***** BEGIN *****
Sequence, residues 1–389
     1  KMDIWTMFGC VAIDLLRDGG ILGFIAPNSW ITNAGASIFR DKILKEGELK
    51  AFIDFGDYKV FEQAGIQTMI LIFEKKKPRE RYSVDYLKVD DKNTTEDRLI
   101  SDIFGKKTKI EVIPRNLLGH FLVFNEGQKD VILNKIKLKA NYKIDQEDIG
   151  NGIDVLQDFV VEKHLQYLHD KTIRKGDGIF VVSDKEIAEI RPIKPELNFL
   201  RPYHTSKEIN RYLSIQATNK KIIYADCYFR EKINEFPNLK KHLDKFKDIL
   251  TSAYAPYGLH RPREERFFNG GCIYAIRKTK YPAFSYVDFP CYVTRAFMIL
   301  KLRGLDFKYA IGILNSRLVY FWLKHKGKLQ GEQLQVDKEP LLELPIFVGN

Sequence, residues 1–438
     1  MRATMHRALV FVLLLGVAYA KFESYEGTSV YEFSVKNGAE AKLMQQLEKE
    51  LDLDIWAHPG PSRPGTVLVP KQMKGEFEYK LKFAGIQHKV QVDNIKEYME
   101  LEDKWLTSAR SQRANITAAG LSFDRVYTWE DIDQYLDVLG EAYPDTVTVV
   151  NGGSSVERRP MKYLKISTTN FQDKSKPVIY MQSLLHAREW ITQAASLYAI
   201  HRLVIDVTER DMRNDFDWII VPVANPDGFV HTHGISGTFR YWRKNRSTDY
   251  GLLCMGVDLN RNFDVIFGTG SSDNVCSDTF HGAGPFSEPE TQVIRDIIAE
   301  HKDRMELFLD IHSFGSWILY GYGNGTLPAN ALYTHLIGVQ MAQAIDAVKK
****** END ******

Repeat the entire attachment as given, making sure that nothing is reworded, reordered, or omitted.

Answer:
Sequence, residues 1–389
     1  KMDIWTMFGC VAIDLLRDGG ILGFIAPNSW ITNAGASIFR DKILKEGELK
    51  AFIDFGDYKV FEQAGIQTMI LIFEKKKPRE RYSVDYLKVD DKNTTEDRLI
   101  SDIFGKKTKI EVIPRNLLGH FLVFNEGQKD VILNKIKLKA NYKIDQEDIG
   151  NGIDVLQDFV VEKHLQYLHD KTIRKGDGIF VVSDKEIAEI RPIKPELNFL
   201  RPYHTSKEIN RYLSIQATNK KIIYADCYFR EKINEFPNLK KHLDKFKDIL
   251  TSAYAPYGLH RPREERFFNG GCIYAIRKTK YPAFSYVDFP CYVTRAFMIL
   301  KLRGLDFKYA IGILNSRLVY FWLKHKGKLQ GEQLQVDKEP LLELPIFVGN

Sequence, residues 1–438
     1  MRATMHRALV FVLLLGVAYA KFESYEGTSV YEFSVKNGAE AKLMQQLEKE
    51  LDLDIWAHPG PSRPGTVLVP KQMKGEFEYK LKFAGIQHKV QVDNIKEYME
   101  LEDKWLTSAR SQRANITAAG LSFDRVYTWE DIDQYLDVLG EAYPDTVTVV
   151  NGGSSVERRP MKYLKISTTN FQDKSKPVIY MQSLLHAREW ITQAASLYAI
   201  HRLVIDVTER DMRNDFDWII VPVANPDGFV HTHGISGTFR YWRKNRSTDY
   251  GLLCMGVDLN RNFDVIFGTG SSDNVCSDTF HGAGPFSEPE TQVIRDIIAE
   301  HKDRMELFLD IHSFGSWILY GYGNGTLPAN ALYTHLIGVQ MAQAIDAVKK